Around nine-thirty, I pulled into the garage of our home in northern Colorado Springs and exhaled the weight I had been carrying since just after one that afternoon. It occurred to me that I hadn’t had time or space to let my emotions catch up to all that I had experienced, but no sooner had the thought crossed my mind than Pam came out from the house to the garage. She must have heard me pull in, and at the sight of her—my gorgeous, faithful, perfectly safe wife—I came undone. As tears flowed, we were silent. But in our silence we were thinking the same thing. We were so grateful no one in our family had been hurt, and at the same time we were devastated that the Workses had lost two daughters. We were grieving the other injuries and the loss of innocence for our church. So many emotions, wrapped up in soundless tears.

Several minutes passed in that garage—ten, maybe—before both of us realized that we’d be much warmer inside. We headed into the house, where I saw Pastor Jeff and his wife, Jenny. Faithful to the core, they had stayed put at Pam’s side all day long. What a gift to have friends like that.

The ten of us gathered in the living room—Jeff and Jenny and their four kids, Pam, our kids, and me—where I conveyed the most recent information I had been given from New Life security, New Life staff members, hospital personnel, family members of people hurt in the shooting, and so forth. The more I talked, the more drained I became. The day was finally wearing on me, from the inside out.

To neither Pam’s nor my surprise, Abram and Callie understood exactly what had unfolded at their church that afternoon. Even at ages nine and seven they grasped that someone had come to our campus to do very bad things, and that another person had been forced to stop him before the bad guy could hurt more people than he already had. Callie asked, “Dad, did he come on the campus to shoot you?”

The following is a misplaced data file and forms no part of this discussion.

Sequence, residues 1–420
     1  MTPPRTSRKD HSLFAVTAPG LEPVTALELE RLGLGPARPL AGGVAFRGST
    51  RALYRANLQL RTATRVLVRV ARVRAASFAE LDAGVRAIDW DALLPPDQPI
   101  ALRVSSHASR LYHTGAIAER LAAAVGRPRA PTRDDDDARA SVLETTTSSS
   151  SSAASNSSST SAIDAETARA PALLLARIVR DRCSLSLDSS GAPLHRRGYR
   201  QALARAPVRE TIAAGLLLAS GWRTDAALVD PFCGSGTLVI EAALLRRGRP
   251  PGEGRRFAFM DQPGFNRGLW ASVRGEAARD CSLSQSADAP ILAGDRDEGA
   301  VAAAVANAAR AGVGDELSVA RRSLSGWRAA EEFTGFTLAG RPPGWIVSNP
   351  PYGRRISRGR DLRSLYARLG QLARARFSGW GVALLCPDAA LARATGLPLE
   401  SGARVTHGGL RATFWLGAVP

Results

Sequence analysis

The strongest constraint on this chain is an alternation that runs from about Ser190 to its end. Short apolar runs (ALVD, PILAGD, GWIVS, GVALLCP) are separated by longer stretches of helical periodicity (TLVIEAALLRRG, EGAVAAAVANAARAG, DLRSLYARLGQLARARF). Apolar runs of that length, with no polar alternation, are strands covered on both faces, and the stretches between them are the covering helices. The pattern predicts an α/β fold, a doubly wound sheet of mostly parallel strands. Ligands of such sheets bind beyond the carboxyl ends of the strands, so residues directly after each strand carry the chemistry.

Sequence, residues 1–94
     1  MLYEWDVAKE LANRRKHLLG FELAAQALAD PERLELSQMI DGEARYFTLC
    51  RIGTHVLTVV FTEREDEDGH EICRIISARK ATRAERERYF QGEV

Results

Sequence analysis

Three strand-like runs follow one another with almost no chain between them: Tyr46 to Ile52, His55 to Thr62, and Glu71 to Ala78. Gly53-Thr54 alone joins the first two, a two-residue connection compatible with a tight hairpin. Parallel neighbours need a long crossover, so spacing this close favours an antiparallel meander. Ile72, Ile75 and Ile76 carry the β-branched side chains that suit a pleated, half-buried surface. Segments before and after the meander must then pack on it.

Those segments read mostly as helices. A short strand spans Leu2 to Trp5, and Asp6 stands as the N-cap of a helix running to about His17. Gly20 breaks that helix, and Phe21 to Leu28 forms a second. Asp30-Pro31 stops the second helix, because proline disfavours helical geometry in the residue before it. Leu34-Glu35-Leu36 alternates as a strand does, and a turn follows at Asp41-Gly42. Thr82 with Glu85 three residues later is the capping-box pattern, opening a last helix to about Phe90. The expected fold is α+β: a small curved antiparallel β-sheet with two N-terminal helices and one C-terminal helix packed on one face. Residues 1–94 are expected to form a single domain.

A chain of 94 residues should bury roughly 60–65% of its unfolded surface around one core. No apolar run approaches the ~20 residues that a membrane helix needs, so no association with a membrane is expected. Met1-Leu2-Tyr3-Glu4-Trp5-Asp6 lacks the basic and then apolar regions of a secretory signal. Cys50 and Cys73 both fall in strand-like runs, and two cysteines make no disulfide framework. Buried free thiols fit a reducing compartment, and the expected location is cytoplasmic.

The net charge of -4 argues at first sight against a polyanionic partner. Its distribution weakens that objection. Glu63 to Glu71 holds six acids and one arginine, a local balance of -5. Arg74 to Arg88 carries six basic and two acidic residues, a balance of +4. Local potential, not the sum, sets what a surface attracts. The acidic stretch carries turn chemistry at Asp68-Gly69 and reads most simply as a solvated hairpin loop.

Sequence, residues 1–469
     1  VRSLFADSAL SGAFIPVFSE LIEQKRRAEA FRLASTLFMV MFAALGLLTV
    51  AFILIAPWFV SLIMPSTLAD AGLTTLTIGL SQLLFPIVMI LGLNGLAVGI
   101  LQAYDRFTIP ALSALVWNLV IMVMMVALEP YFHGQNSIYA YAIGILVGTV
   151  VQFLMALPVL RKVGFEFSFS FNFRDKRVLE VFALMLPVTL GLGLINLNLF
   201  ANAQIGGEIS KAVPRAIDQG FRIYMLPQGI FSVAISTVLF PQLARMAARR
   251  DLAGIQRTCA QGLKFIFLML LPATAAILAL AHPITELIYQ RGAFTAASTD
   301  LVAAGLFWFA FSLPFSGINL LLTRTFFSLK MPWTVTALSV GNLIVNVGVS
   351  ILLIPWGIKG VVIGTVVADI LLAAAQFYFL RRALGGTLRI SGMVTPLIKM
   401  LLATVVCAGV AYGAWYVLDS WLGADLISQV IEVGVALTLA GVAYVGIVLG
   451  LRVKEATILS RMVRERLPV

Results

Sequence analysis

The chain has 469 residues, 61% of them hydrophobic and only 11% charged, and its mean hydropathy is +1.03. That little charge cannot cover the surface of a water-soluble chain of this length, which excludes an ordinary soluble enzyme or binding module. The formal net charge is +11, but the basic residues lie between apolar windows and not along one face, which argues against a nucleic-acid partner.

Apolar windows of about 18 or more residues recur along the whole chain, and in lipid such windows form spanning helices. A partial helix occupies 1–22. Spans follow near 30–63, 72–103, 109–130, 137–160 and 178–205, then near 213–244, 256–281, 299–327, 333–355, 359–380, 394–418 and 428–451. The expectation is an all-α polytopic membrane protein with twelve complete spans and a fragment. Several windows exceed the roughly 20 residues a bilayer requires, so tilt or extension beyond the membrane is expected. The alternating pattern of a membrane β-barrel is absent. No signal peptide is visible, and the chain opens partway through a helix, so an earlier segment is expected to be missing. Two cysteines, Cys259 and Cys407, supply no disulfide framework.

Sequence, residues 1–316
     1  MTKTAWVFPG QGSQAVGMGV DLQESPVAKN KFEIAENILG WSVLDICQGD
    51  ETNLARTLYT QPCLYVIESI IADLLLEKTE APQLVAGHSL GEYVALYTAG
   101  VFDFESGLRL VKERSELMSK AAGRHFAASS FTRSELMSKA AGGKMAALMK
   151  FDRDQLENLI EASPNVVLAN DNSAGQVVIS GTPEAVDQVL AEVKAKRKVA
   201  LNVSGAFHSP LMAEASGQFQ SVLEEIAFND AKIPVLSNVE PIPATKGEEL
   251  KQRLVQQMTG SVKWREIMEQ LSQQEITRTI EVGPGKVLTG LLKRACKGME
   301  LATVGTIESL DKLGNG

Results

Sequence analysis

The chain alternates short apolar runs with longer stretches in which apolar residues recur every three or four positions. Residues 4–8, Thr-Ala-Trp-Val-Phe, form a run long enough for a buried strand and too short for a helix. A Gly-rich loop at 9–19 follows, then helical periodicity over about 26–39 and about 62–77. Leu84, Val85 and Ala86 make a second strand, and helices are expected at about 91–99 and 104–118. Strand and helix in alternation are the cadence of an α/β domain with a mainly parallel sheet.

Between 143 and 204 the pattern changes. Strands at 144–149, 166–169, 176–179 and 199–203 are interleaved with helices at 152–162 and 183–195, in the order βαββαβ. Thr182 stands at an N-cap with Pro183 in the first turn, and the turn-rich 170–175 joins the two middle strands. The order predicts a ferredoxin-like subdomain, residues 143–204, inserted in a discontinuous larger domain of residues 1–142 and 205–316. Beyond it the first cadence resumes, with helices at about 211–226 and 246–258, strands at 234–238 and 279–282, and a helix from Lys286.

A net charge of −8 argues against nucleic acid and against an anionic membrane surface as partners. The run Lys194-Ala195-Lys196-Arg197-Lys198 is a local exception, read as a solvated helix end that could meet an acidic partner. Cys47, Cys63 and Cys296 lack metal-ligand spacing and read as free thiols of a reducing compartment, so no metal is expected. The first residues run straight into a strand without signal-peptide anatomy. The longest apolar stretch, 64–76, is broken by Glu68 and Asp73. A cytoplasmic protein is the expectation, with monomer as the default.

Feeling too weary to do anything but tell the plain truth, I said, “Callie, he came on the campus to shoot all of us. We all were victims today.”

Satisfied with the facts, as kids so often are, she and her brother hugged me tightly and then headed off to bed. In their little world, as long as Dad was home, safe and sound, all was well once more. Plus, they had been spared the gruesome sights and sounds of the tragedy and had no awful memories needing to be worked through. They were miles away from the church by the time destruction rained down. For that, I’ll always be grateful.

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Bill Hybel’s Foreword for Fear No Evil